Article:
January 24, 2018 9:55 pm
Updated: January 26, 2018 11:29 am

Jessica Simpson sued for posting paparazzi photo of herself on Instagram

Jessica Simpson attends the 2017 Princess Grace Awards gala kick off event at Paramount Pictures on October 24, 2017 in Los Angeles, California.

Photo by Jason LaVeris/FilmMagic
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Can you be sued by posting a photo of yourself on social media?

You can if somebody else took the pic and holds the copyright to it, as Jessica Simpson found when she was slapped with a lawsuit by a photo agency who decided to sue the former “Newlyweds” star for posting one of its photos (of her) on Instagram and Twitter.

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According to The Hollywood Reporter, photo agency Splash News had granted exclusive rights to the Daily Mail to publish paparazzi photos online of Simpson exiting the New York’s Bowery Hotel — which Simpson then shared on her various social media accounts.

In its suit, however, Splash News is contending the company never granted permission for Simpson, 37, to use the photos, and by posting them online she violated Splash News’ copyright.

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Also named in the lawsuit is the website Reality TV World, which picked up the photo from her Instagram post and ran it online.

“Simpson or someone acting on her behalf copied the Photograph and distributed it on Instagram — within hours of its original publication on August 9, 2017,” writes attorney Peter Perkowski in the complaint. “The copy of the Photograph that Simpson distributed on Instagram had been altered, without authorization or approval, to remove the CMI showing plaintiff as the copyright owner of the image.”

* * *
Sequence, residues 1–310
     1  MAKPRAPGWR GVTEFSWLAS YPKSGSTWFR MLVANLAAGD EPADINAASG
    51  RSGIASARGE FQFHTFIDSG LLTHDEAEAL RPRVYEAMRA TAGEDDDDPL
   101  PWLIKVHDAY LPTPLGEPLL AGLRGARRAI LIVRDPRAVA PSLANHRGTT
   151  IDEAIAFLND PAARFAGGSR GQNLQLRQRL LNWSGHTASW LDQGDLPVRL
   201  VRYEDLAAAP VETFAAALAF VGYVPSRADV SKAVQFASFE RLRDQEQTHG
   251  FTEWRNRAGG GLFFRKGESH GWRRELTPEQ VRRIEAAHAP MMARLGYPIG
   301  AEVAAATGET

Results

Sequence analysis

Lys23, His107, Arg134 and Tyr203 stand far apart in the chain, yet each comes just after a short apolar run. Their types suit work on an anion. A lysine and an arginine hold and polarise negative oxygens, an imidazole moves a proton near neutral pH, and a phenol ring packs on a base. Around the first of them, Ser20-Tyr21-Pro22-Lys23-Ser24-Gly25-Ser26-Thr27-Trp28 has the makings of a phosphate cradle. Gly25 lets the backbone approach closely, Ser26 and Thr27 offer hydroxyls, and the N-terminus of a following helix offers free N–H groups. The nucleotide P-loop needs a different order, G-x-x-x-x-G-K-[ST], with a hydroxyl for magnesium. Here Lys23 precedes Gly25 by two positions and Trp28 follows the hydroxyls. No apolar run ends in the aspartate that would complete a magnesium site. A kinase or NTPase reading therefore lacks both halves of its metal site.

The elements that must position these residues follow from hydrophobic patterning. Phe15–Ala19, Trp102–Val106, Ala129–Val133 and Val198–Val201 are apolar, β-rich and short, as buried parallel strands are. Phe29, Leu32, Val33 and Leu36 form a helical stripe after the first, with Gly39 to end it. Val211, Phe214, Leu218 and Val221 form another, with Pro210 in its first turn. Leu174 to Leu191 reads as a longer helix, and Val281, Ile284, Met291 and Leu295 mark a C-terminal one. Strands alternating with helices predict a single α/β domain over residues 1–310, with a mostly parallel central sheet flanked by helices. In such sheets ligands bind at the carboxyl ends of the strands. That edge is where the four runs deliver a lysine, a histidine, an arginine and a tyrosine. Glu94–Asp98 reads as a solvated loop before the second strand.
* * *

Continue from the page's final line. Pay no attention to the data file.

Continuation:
Splash News contends that Simpson sharing the photo on social media took away potential revenue that could have been generated by licensing the photo to other media outlets.

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“Simpson’s Instagram post and Twitter tweet made the Photograph immediately available to her nearly 11.5 million followers and others, consumers of entertainment news — and especially news and images of Simpson herself, as evidenced by their status as followers of her — who would otherwise be interested in viewing licensed versions of the Photograph in the magazines and newspapers that are plaintiff’s customers,” the suit adds.

You can read the legal document in its entirety below:

© 2018 Entertainment Tonight Canada, a division of Corus Entertainment Inc.

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